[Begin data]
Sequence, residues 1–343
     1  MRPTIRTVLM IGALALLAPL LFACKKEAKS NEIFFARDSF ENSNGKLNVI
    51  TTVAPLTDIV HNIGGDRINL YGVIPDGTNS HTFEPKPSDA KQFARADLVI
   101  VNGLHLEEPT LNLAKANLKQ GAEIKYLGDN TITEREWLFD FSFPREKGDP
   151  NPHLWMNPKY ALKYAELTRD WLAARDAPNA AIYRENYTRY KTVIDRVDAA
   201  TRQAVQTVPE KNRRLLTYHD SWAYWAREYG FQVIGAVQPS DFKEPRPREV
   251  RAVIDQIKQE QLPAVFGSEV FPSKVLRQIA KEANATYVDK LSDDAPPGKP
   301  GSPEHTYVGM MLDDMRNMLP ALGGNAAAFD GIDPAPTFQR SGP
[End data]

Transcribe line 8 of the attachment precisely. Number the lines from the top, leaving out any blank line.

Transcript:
   301  GSPEHTYVGM MLDDMRNMLP ALGGNAAAFD GIDPAPTFQR SGP